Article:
This will be the only year that I mark the death of Prince. I’m not one to remember the day loved ones die. I rarely can even recall which year. That doesn’t make them less or more dead and I, personally, find it to be quite unhealthy to focus on someone’s death. Instead, I remember them fondly in moments that happen organically. I don’t look for signs or create moments. Something will happen and my Granny will come to mind. On her own. I don’t have to conjure her. I guess I’m saying I don’t dwell.
Prince’s death, however, dwelled for a bit. Which doesn’t make sense to a lot of people. And that’s fine. My life doesn’t have to make sense to you, thankyouverymuch. I stopped listening to music. All music, not just his. But then that went away. The tears stopped falling as soon as I was reminded that he’d died. It got easier. It got better.
Today there are reminders everywhere and I’m fine. I am having my own Prince Only Music Marathon in my car and at my desk today. And I was fine.
Until “I Could Never Take the Place of Your Man” came on and I was singing and dancing and then suddenly I felt my voice catch in my throat on that sad lump of realization that I will never ever again be in the same space as Prince to sing and dance along with hundreds of other people while he’s on stage exuding the most joy I’ve ever been in the presence of. The man was ALIVE on stage. He was doing what he loved and there was no doubt. He loved music. He loved performing. And, oddly enough, he loved us.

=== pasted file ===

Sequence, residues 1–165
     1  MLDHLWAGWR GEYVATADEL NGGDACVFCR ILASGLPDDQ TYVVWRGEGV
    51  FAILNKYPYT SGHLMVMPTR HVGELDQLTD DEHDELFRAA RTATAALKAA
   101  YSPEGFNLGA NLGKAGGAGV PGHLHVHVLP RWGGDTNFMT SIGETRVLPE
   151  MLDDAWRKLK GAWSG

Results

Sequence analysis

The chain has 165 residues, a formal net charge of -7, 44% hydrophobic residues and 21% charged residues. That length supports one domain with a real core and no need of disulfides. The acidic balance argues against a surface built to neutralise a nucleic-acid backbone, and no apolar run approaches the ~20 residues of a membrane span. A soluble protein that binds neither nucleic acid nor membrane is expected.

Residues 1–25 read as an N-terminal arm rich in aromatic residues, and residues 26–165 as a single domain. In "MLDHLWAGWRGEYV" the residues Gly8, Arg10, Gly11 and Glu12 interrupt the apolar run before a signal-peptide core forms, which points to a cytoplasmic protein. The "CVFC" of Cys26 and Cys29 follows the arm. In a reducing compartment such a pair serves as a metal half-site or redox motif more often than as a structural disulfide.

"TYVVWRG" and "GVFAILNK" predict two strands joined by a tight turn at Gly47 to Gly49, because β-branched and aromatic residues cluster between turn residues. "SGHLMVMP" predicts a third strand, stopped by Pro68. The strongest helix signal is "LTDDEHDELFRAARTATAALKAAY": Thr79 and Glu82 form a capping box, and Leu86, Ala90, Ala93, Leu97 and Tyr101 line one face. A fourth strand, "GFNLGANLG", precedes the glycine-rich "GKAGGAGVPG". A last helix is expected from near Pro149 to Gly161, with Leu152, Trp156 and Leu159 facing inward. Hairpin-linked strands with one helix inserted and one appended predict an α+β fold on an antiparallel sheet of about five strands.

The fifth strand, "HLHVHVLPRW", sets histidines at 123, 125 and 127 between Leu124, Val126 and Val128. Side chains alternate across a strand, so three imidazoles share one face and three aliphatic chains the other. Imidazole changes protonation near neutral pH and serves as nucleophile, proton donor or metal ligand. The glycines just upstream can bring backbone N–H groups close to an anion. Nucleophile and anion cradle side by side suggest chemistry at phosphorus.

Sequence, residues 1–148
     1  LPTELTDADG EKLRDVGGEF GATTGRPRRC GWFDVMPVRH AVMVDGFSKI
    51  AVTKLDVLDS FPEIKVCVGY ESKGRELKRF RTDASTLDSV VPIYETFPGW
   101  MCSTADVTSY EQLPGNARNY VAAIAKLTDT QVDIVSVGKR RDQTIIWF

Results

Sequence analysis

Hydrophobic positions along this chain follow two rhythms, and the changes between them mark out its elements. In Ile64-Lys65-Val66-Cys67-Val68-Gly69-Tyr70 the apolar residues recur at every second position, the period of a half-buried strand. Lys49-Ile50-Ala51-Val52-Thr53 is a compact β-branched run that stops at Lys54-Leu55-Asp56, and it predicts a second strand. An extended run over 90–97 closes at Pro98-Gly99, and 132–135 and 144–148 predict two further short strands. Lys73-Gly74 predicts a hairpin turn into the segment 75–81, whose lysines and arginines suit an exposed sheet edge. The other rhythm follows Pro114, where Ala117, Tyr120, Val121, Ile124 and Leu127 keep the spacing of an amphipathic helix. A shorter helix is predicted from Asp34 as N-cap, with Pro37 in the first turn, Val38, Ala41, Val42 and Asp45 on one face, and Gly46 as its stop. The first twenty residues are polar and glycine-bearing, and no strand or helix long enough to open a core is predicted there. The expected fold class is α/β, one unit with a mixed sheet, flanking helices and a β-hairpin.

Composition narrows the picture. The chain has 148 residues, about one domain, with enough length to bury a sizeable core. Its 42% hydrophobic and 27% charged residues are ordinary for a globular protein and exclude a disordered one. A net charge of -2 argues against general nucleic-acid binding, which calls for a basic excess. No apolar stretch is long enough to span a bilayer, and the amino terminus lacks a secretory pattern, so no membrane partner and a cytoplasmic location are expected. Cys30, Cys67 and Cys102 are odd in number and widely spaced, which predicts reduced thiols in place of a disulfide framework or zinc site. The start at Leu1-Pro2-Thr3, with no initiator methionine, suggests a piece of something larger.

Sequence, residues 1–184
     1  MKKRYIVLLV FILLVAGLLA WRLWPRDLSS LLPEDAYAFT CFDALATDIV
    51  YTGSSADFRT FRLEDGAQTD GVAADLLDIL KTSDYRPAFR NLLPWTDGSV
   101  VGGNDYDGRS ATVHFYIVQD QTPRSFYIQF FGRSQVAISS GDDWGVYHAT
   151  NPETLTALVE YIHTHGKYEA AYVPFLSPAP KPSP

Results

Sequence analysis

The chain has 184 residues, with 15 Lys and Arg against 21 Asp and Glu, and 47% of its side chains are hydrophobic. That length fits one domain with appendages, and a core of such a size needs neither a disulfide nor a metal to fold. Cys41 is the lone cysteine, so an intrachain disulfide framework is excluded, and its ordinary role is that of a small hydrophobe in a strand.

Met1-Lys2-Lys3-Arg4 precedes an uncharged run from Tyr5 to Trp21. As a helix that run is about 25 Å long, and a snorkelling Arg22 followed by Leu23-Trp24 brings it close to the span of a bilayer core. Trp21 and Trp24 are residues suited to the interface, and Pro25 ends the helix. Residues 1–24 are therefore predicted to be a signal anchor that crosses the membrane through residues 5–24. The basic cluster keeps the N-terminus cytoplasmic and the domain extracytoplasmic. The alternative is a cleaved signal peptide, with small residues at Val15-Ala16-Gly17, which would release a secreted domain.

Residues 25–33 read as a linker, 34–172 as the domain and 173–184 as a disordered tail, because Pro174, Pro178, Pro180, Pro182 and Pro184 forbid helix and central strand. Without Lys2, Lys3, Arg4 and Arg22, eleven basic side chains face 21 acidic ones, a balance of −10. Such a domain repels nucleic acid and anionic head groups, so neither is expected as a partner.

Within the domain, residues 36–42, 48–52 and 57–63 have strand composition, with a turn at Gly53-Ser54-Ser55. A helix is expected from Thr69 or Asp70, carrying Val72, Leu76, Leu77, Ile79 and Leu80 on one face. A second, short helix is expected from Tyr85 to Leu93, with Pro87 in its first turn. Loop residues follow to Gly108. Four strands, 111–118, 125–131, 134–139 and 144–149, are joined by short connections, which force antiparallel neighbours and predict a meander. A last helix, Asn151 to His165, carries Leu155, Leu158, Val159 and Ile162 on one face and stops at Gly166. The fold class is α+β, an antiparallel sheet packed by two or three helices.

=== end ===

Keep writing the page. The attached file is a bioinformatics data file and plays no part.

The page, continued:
I grew up in a really small town in WV so I didn’t have a lot of the same opportunities as others. He didn’t come there to do any shows and my family couldn’t have afforded to send me where he was going to be. I didn’t even have a way of finding out where those places would be. There was no Internet. I have no idea how information was even disseminated back then. It’s a mystery to me and I lived through it.
Once I was married, money was still tight. I sacrificed a lot and didn’t allow myself to partake in a lot of things. Like, when the Internet did become a thing and there were Prince fan clubs that he ran. You had to pay a fee. I didn’t feel that was an expense I should add to our household. But through the years I’ve read about how he participated in the forums. He got to know his fans. He became friends with them. He did special things for them. He offered them advice. He was a friend. And I missed out on that. Which is fine. That’s how life is, really. Growing up the way I did I understand that life has sacrifices and times that aren’t easy. That’s not how life works. But I can’t help but read these stories with a sense of regret. That’s likely just part of my grief.
Instead of holding on to those regrets, however, I am going to hold on to the memories of the shows I did get to attend. The times I was in the same space as him being part of something magical. Something joyous.
I will likely never forget where I was when I found out he had died. The first reading of the news that something was wrong at Paisley Park. The demands I made in my head for it to not be him. The chat I was having with my friend, Randi. All of the texts, phone calls, messages pouring in from people that know me and care about me in some kind of way. The people that simply love drama that wanted to create it in my life and be part of it. The closing of my office door so I could silently wail about this deep sadness that I was not expecting or ready for. My boyfriend contacting me immediately after the meeting he was in to make sure I was ok. Him going to see “Purple Rain” with me, despite him not being a Prince fan in any regard. The compulsive buying of any magazine I saw with his picture on the cover. Never forget. But hopefully the specific day itself will fade from my memory like it has for all of my other loved ones that are no longer here. Because life is for celebrating, not mourning.
Life is for living. Go crazy, punch a higher floor.